Gettier Problem and the Parable of the Ten Coin


Gettier problems

The problems of Gettier or cases of Gettier take after Edmund Gettier an American philosopher who formulated them in the 1960s. These problems function as limitations to the philosophical tradition of describing knowledge of a proposal as validated true belief in that proposition. The problems are possible or actual events in which an individual believes that the evidence supports it, yet which according to numerous epistemologists fails as a form of knowledge. The author’s original article resulted to a wide range of criticism as epistemologist started to attempt to ascertain once more what knowledge means, with most of them agreeing that Gettier had gone against the knowledge’s traditional definition. These epistemologists have tried many times to replace or repair that traditional description of knowledge something that has led a number of new understandings of knowledge and of support to justify these new concepts (Gettier 121- 23).

This paper will act as a response to some of the arguments of the authors of a number of criticisms of Gettier’s work. The response will offer arguments that epistemologists can use to move the debates about knowledge forward.

In his paper, is justified true belief knowledge of 1963, Edmund Gettier raised a problem which he argued and viewed in the traditional knowledge theory, which unto this day has remained unsolved. Many attempts by a number of epistemologists have failed, for example, Thomas Paxson and Keith Lehrer put across a theory, which utilized the defeasibility argument to attempt solving the Gettier problem (Lehrer and Paxon 225- 237). One of the many objectives of epistemologists is to come up with a theory of knowledge that specifies the necessary conditions for knowledge. Traditionally, scientists have only agreed to three of these conditions, and they include p is true, s believes in p, and s has a justification to believe in p. according to the theories, if the theories satisfied the conditions then one could say that s knows p. but then Gettier came along with his arguments. In his arguments, he proposed to counterarguments to the traditional conditions, where the theory meets or satisfies the three former conditions with the exception that s did not know p (Gettier 121- 23).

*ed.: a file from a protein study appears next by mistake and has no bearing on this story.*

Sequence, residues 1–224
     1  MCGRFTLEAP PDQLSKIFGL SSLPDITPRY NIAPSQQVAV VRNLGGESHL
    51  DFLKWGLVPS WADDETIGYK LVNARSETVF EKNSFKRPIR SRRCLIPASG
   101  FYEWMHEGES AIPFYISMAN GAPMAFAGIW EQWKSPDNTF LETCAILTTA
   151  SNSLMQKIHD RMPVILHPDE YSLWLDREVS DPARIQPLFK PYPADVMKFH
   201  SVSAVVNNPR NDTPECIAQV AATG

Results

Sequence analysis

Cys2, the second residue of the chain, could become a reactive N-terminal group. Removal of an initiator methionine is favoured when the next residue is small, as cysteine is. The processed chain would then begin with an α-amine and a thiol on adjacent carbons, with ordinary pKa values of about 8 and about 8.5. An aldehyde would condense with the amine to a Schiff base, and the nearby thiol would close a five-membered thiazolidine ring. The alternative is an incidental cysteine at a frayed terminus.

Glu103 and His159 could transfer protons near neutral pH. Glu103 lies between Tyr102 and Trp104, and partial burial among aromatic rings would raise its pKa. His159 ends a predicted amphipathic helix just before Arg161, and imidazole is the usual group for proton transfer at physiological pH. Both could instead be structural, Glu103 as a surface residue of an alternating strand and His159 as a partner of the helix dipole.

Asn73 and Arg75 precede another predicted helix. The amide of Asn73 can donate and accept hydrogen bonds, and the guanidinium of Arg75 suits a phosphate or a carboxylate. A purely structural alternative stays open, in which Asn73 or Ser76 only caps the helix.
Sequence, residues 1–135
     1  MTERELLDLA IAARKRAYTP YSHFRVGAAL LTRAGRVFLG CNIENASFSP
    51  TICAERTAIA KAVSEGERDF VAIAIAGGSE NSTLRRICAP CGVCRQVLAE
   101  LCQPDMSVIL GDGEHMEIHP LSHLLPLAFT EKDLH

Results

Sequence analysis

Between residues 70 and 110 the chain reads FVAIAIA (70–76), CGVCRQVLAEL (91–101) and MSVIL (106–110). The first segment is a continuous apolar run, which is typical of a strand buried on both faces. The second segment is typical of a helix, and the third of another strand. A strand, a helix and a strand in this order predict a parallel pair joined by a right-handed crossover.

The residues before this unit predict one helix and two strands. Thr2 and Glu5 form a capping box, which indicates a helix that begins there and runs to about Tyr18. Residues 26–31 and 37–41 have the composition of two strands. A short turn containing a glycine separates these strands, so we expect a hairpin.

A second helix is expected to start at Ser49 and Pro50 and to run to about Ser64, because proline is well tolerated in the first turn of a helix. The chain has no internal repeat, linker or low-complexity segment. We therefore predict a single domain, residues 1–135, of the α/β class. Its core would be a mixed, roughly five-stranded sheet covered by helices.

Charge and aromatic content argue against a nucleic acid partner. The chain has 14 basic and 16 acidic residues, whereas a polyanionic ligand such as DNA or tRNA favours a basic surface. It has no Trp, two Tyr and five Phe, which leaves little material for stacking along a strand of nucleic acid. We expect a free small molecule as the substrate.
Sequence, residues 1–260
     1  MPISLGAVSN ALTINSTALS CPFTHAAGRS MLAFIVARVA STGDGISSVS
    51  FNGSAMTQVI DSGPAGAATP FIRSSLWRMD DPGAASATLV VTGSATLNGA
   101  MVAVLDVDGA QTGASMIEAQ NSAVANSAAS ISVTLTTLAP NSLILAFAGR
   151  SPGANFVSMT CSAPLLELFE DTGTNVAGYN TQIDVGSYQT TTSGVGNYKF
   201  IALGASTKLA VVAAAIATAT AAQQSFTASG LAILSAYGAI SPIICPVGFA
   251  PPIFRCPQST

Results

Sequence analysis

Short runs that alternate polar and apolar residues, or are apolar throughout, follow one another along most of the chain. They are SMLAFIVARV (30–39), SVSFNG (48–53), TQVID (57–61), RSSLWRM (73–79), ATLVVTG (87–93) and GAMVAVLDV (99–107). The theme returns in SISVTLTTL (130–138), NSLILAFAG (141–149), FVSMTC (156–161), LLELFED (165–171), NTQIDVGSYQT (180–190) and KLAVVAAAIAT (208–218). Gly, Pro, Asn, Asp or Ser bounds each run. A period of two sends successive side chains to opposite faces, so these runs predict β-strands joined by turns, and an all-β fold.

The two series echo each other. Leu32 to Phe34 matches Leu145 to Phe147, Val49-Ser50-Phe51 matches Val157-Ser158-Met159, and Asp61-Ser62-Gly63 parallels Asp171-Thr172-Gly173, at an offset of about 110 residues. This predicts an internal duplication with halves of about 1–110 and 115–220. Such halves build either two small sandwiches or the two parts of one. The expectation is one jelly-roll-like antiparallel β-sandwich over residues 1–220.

Gettier’s bases his problems on two counterarguments to the analysis by JTB. Both of these arguments depend on the previously developed theory that entailment preserves rationalization, and the further argument that such applies considerably or can be applied or used comprehensibly to the specification attributed to the putative belief of Smith in regards to one of the two counterarguments: which is if Smith is Justified in believing in p, and he knows that P’s truth contains some truths of Q, then Smith also has a justification to believe in Q. Gettier refers to these challenges as Case I and II (Gettier 121- 23).

In the first case, Smith applies for a job, but he argues that there is a justified belief that another person, Jones, will get the job. The author also beliefs that there is a justified belief that there are 10 coins in Jone’s pocket. Justifiably, Smith makes a conclusion that the gentleman who gets the job is carrying ten coins in his pocket. However, it Smith who gets the job and not Jones, and as it follows, Smith has ten coins in his pocket. Therefore, the belief that the person who got the work had 10 coins is satisfied, but one cannot consider it knowledge.  In the second case, Gettier argues that smith has a justified belief that Jones has a ford. Eventually, smith makes the conclusion that Jones has a ford, or Brown is in Barcelona even when there is no evidence or knowledge about Brown. Actually, it becomes clear that Brown is in Barcelona, but Jones does not have a ford. The author argues that though Smith had a belief that had some justification and held true which was not knowledge (Gettier 121- 23).